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since 01 January 2008

Easter 2000 saw a few more changes. The solar panels were fixed onto the wall of the house on a framework which I constructed myself. I was planning on installing them on the roof later on, but the way I'm thinking now is to go for solar roof tiles, and use the solar panels as some kind of remote stand-off system for powering a fridge or whatever.


the solar panels now mounted up on the house wall

The lights in the house were changed from flourescents (which needed too much current to start up) to 12 - volt halogens which proved to be much more satisfactory (and don't "buzz" either) even though they draw more current.

Consequently two 90 amp - hour recreational (caravan) batteries have been bought as another long - term temporary solution, as ultimately I'm intending to use a range of 2 - volt fork - lift truck cells or maybe some golf-cart batteries. I put in a few cigarette-lighter sockets to run 12-volt car appliances and to charge up cordless drills etc.

Lighting (again, 12 - volt halogens) was also installed in the barn, which makes working inside so much easier.

Other tasks carried out were :=


the trench.

Summer 2000 was a period of rapid development. I dug a trench 7 metres long and one metre deep (and that took ten days - you should have seen the size of the stones!) and laid a water pipe and an armoured cable sheath. In the armoured sheath I ran three heavy duty pairs and earths, a telephone line, a co-ax cable, an earth wire and two lengths of seven-core caravan cable.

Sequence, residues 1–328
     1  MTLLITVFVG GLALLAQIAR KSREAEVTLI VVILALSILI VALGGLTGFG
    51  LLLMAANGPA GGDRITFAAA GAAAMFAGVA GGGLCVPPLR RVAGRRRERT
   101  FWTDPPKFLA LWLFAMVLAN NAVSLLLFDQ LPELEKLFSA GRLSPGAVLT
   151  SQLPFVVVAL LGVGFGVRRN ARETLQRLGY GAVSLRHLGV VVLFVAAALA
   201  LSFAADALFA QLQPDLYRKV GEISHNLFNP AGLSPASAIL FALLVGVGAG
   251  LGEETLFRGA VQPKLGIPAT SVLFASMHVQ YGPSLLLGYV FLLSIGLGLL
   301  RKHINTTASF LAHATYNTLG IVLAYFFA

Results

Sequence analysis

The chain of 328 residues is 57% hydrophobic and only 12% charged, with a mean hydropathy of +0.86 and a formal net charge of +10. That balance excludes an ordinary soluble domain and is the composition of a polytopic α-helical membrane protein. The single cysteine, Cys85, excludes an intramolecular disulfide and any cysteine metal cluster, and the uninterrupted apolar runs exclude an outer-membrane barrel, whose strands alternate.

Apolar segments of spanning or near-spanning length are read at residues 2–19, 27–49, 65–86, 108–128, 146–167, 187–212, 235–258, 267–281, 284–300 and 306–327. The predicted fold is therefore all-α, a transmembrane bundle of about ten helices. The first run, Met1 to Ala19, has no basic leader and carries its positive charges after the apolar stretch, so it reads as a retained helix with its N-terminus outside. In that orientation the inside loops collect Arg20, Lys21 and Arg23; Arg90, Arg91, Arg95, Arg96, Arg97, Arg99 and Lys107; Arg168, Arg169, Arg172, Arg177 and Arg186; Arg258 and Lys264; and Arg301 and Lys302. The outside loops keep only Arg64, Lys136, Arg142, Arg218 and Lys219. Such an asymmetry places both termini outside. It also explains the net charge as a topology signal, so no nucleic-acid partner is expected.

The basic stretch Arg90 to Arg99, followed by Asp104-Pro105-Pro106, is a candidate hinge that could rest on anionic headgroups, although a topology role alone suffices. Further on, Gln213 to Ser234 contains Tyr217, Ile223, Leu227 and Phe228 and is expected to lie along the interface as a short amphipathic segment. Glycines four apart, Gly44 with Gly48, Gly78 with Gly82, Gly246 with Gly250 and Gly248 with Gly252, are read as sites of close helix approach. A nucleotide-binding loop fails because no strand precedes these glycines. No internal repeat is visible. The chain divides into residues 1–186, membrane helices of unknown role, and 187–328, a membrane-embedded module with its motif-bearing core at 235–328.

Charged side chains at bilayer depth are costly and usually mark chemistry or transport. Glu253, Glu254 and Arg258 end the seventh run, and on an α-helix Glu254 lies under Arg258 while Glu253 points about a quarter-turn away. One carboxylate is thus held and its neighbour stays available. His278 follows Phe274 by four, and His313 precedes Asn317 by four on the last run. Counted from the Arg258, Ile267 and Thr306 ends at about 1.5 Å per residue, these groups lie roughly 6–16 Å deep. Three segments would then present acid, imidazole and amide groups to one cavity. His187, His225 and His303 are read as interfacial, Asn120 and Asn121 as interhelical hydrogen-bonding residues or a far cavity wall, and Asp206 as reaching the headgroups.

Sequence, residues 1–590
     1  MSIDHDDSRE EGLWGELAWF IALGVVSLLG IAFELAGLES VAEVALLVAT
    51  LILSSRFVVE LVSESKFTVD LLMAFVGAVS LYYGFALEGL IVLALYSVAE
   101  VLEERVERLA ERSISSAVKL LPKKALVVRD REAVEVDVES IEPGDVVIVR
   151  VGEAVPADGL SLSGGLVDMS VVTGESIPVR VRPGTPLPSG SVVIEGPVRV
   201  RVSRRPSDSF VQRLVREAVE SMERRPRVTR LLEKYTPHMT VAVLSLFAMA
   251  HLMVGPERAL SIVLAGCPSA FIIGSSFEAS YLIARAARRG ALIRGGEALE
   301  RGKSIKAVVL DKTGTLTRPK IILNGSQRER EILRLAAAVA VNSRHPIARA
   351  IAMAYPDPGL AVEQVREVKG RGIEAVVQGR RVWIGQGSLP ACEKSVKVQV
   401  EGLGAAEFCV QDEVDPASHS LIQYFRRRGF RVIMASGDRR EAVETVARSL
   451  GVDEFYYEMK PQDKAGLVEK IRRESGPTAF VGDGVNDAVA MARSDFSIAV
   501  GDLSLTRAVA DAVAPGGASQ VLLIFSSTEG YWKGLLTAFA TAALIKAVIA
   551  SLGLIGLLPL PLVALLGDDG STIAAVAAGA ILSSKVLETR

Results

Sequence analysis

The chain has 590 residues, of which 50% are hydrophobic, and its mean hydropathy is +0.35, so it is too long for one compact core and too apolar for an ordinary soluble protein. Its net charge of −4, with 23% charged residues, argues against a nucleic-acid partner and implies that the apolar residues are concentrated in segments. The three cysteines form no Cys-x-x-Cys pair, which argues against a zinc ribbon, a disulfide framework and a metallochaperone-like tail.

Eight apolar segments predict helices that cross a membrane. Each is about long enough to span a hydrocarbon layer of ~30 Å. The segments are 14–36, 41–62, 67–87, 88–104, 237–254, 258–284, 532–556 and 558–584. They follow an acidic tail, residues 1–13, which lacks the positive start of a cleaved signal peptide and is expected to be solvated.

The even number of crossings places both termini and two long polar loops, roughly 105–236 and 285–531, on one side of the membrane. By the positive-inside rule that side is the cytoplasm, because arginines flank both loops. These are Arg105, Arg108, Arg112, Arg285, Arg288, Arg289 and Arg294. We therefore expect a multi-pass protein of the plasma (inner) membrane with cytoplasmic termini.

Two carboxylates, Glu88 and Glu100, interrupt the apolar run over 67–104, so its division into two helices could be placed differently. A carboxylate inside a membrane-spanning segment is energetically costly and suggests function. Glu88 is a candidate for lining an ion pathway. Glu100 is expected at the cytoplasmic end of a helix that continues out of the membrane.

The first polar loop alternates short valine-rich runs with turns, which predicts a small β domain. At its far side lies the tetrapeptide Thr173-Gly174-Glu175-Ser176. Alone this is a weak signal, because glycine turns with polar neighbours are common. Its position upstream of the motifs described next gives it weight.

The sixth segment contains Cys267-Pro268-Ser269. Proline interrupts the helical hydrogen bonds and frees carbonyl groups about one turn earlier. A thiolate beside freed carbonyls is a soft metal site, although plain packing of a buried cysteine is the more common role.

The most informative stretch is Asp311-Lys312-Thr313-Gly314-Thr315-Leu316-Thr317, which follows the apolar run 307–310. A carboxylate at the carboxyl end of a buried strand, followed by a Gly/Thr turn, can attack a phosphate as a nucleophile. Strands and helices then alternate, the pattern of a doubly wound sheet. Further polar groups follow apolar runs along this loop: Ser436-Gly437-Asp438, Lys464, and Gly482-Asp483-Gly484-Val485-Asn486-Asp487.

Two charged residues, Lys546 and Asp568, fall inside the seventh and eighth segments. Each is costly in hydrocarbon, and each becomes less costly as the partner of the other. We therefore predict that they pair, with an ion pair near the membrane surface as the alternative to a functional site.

Once that was done, I finally installed the (now 3) deep - discharge caravan batteries, and then made a start installing a 12 - volt power circuit using old British three-pin plugs and sockets. Now I can wire directly in a few 12-volt power cables and plug in a few 12-volt appliances and so on. I was never a big fan of cigarette lighter sockets.


the wiring diagram

With one of the the three heavy-duty cable pairs, I've connected up the wind turbine to a mini-controller with the solar panels; and connected up the batteries in the house to those in the barn and on the caravan with the second heavy-duty pair. So now it's a real integrated system!!

The third pair is a spare and I might use this for running a 230 volt current from an inverter.

The 14 cores of caravan wire are for individual power lines for running power across for specific needs (like connecting two-way light switches and so on).

Inside the house I took out the stairs as I want to put a spiral staircase in to save space.


Very little was done in November 2000 owing to an emergency in Brussels which led to my having to spend my two free weeks with the Transit towing a trailer moving all my cars down to the farm - 1500km (950 miles) each trip, not to mention loading and unloading at each end - and all alone as well. I needed another holiday when I'd finished!


While I was there in NovemberI did notice that the batteries were not performing as they should, and it turned out that one of the new deep discharge batteries I'd bought is .... er ....... badgered (or something similar). That really p|$$ed me off and I'm going to have to get this battery problem sorted out properly and permanently.

However, a quick visit in December 2000 revealed that all batteries were fully-charged and held their charge during a lengthy period of usage. I'm wondering if this might be something to do with the fact that when I left in November, I disconnected the circuit into the caravan. I wonder if there's a short circuit somewhere inside the caravan's wiring that's draining the current?


See more photos from 2000 in the photo gallery.



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